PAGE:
Last week, the Senate Special Committee on Aging examined how the Federal Communications Commission's National Broadband Plan could help promote telehealth technologies that allow health care providers to remotely monitor and consult with patients, Healthcare IT News reports (Monegain, Healthcare IT News, 4/26).
During the hearing, committee members demonstrated the use of some new telehealth tools and emphasized the need for broadband connectivity (Cover, CNS News, 4/26).
FCC Digital Healthcare Director Mohit Kaushal told the committee that to realize cost savings and health benefits, telehealth technology needs to be paired with:
- Expansion of broadband connectivity;
- Technological literacy and patient safety; and
- Regulatory reform.
According to Kaushal, the National Broadband Plan estimates that about 93 million U.S. residents and about 3,600 small physician's offices do not have broadband access (Attias, CQ HealthBeat, 4/23). Kaushal said an overhaul of FCC's rural health care program is necessary to improve access (Vesely, Modern Healthcare, 4/23).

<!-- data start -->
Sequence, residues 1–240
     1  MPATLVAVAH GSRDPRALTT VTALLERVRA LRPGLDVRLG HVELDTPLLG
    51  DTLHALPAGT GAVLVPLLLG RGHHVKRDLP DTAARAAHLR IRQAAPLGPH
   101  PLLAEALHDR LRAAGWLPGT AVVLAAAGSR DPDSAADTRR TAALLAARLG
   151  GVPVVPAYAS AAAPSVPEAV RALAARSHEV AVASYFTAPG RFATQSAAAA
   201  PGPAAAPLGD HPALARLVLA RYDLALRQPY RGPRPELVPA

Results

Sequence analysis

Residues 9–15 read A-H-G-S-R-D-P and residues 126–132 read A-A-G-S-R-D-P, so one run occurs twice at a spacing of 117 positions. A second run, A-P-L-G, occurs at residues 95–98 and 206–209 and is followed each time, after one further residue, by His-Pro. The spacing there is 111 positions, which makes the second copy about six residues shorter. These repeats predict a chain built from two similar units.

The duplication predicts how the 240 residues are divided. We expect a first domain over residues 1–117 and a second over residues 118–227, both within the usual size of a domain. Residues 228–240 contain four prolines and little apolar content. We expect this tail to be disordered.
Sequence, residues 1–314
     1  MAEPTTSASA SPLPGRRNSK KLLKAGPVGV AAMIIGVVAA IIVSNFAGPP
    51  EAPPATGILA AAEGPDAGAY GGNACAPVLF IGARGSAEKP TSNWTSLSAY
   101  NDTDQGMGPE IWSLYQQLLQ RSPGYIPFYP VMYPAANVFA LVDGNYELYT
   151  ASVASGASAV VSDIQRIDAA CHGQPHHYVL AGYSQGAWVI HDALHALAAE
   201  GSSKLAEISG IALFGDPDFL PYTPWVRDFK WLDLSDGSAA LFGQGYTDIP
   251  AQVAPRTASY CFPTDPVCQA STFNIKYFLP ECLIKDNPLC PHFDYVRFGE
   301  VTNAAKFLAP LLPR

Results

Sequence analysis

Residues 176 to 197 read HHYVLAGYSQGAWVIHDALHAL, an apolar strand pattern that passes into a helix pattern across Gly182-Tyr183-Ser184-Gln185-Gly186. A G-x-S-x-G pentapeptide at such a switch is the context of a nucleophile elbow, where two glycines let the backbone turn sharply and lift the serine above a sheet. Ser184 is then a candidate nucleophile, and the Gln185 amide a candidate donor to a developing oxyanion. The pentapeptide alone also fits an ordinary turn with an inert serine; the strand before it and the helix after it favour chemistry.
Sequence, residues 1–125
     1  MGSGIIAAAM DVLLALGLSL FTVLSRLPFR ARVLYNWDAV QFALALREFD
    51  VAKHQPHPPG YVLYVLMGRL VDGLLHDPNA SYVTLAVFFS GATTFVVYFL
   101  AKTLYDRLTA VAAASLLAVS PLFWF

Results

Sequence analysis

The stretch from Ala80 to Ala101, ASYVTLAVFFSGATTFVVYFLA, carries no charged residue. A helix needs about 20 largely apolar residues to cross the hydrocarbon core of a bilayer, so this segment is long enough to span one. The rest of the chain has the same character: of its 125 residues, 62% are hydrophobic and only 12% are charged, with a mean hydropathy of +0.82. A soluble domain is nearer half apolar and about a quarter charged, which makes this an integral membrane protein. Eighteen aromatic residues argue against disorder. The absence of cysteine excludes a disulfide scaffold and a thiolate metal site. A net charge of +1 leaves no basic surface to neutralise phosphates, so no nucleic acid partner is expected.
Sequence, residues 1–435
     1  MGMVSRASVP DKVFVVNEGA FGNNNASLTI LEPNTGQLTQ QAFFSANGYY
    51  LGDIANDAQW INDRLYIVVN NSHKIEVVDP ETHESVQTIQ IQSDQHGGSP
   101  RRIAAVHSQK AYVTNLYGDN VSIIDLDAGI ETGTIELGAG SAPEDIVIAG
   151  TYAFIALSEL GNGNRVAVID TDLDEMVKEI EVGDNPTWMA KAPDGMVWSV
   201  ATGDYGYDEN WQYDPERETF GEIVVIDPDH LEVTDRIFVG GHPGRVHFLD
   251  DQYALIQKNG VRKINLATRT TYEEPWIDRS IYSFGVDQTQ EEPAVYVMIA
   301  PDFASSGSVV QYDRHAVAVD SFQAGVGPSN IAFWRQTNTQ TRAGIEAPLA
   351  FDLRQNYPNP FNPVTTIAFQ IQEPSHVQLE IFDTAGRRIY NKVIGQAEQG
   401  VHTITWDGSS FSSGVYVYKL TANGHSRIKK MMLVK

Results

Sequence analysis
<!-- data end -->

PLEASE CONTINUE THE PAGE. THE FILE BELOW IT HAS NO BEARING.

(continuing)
He also noted that it can be difficult to identify whether new technologies fall under the jurisdiction of FCC, which regulates communication, or FDA, which regulates medical devices.
The committee also discussed other telehealth adoption barriers, such as low technological literacy among seniors and patient safety concerns (CQ HealthBeat, 4/23).
Kaushal noted that there are large disparities in the cost of broadband service and that federal government support is not enough to increase adoption (Modern Healthcare, 4/23).
Kaushal said CMS should start reimbursing for telehealth technologies to encourage health care providers to invest in such tools (CNS News, 4/26).
Sen. Ron Wyden (D-Ore.), who chairs the committee, said he believes that many of the new technologies could reduce Medicare costs and that telehealth should be one of CMS' top priorities (Modern Healthcare, 4/23).